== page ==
Thirdly, this "mystical cause" was developed through the scientific method -- Ptolemy observed the physical universe, and developed a system to explain his observations. Turned out his system was wrong -- but it was certainly not based on mysticism. Quite the contrary, it was based on science.

Scratch three.

So what you had, actually, was the Church adopting secular science as dogma. And then the secular science turned out to be wrong, the Church didn't want to let it go.

Analogous to the adoption by many churches (like even the Big One, Catholicism) of the ludicrous doctrine of common descent? Perhaps.

But most importantly, perhaps, Galileo's model was inferior to the ptolemaic system, because he insisted the orbits of the planets were round. On this score, Galileo fell far short of his contemporary, Kepler. Galileo rejected Kepler's (correct) idea that the planetary orbits were eliptical -- because he thought circles were more "perfect" than elipses.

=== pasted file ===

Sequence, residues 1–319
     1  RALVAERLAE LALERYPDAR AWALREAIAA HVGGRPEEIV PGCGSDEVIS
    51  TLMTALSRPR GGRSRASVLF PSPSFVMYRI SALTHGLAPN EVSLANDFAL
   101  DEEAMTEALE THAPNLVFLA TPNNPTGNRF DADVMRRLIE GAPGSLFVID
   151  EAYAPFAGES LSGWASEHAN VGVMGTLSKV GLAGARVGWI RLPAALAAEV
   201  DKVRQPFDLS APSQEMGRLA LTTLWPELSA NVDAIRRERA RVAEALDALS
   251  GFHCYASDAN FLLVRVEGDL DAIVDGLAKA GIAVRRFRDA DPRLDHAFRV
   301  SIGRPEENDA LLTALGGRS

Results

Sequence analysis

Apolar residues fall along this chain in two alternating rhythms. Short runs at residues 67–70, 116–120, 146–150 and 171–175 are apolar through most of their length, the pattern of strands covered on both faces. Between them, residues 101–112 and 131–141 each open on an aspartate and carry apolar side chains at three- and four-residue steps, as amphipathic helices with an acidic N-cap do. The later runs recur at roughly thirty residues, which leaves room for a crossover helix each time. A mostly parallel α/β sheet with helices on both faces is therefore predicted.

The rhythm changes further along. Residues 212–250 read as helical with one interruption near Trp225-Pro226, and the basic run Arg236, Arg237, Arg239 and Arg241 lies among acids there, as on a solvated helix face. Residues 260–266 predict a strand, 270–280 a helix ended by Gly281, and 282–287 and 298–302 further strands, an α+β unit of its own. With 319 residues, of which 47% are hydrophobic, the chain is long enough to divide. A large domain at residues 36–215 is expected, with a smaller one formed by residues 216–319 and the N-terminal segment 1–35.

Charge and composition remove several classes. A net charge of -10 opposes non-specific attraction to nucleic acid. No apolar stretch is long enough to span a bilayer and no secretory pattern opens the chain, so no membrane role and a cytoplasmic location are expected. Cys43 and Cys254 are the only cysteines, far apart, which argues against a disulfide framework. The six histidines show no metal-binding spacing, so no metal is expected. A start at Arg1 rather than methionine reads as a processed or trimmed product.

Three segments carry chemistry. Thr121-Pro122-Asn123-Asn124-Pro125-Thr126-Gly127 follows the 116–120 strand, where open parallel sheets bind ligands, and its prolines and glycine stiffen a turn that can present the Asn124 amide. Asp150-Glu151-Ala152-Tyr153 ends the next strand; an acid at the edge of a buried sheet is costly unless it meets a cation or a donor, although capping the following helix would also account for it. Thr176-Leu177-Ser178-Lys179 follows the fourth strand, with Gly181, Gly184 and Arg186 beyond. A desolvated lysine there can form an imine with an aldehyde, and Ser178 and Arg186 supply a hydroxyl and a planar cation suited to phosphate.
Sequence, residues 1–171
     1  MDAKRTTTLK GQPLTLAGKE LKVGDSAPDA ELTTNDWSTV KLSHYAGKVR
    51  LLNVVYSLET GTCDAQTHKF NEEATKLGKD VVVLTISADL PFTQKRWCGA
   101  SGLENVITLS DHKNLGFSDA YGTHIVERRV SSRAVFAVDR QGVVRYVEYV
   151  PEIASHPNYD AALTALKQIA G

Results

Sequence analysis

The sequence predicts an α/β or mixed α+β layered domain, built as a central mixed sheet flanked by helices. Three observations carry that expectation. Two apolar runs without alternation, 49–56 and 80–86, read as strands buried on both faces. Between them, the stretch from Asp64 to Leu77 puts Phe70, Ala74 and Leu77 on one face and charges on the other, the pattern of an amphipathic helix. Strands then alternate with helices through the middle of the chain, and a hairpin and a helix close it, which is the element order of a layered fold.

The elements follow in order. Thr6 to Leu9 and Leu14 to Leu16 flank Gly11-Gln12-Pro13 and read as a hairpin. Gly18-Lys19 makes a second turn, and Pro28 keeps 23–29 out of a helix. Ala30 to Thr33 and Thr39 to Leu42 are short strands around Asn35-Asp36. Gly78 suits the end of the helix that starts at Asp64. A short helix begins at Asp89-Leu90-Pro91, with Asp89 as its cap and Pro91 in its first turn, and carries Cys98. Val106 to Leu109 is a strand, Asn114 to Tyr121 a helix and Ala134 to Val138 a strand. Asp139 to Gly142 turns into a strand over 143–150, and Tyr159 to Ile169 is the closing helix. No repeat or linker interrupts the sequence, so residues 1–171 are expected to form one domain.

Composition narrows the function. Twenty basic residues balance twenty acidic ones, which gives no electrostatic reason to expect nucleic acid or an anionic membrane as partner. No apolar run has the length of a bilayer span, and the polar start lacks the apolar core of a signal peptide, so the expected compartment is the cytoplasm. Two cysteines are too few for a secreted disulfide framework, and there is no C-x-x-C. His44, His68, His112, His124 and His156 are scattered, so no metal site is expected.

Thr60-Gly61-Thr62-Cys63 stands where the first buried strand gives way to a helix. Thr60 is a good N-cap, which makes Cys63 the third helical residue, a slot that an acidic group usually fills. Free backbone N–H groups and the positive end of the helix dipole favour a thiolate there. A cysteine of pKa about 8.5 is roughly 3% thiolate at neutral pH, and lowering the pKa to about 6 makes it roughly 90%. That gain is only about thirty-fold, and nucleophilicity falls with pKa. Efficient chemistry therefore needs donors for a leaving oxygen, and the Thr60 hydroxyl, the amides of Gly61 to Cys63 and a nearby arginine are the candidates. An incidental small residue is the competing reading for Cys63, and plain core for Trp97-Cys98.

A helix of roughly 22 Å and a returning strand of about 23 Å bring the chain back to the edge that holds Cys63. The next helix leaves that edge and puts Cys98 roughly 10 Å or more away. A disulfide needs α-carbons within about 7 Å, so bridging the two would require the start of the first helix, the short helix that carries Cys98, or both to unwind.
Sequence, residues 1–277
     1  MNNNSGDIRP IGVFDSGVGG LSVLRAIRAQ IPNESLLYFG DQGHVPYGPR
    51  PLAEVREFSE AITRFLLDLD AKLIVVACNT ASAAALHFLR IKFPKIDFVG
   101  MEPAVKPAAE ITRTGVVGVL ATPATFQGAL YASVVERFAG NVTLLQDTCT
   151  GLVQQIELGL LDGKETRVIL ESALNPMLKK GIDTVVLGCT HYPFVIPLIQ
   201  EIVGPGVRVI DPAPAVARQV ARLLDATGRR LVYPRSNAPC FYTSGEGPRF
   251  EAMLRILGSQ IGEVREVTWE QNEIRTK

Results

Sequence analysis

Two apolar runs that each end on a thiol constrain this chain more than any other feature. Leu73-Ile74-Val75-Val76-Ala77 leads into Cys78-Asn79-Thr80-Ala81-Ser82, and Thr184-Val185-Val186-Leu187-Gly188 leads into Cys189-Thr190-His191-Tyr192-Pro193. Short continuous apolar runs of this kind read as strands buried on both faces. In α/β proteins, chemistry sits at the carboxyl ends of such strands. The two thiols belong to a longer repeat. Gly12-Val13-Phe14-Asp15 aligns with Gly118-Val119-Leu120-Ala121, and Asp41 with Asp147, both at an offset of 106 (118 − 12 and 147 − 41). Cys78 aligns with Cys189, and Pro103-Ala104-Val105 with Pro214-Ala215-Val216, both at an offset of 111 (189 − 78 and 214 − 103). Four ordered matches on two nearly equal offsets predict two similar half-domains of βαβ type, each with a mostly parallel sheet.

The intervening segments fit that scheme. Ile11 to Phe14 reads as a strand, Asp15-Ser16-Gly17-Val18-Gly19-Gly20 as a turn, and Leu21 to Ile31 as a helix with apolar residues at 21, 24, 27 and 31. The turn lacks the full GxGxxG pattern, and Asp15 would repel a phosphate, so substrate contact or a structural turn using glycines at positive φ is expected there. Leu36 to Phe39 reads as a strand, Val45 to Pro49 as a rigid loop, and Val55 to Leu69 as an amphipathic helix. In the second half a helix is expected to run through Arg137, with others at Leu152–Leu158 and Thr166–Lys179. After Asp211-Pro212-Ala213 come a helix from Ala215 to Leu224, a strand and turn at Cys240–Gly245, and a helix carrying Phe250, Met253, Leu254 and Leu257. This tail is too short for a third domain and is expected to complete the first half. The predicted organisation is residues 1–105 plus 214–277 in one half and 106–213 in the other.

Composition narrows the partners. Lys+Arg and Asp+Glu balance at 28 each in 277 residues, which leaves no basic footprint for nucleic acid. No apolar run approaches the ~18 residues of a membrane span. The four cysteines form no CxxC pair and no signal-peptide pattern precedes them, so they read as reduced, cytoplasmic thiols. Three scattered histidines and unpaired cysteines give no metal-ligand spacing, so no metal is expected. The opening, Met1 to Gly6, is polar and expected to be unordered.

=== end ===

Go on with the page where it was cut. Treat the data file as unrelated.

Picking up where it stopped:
But the funny thing is, because Galileo refused to accept the eliptical orbits of the planets (as calculated by Kepler), his mathematics were actually inferior in their description of reality than the ptolemaic system Over the millenia, ptolemaic astronomers had added in all sorts of ad hoc adjustments to match their geocentric system to observed reality -- absurdly complex and ultimately wrong, but a much more accurate description of the observed fact's than galileo's circular orbits.

So why this whole thing about how Galileo was this "martyr for science?" Seems to me to be another anticlerical fiction -- a little rewriting of history that confirms the popular impression that the church opposes "science."

So who does things like this? Well in the case of Columbus, it was a guy named Washington Irving. In the case of Galileo, I suppose it's the morons writing and passing along limericks that rewrite history to serve their own purposes.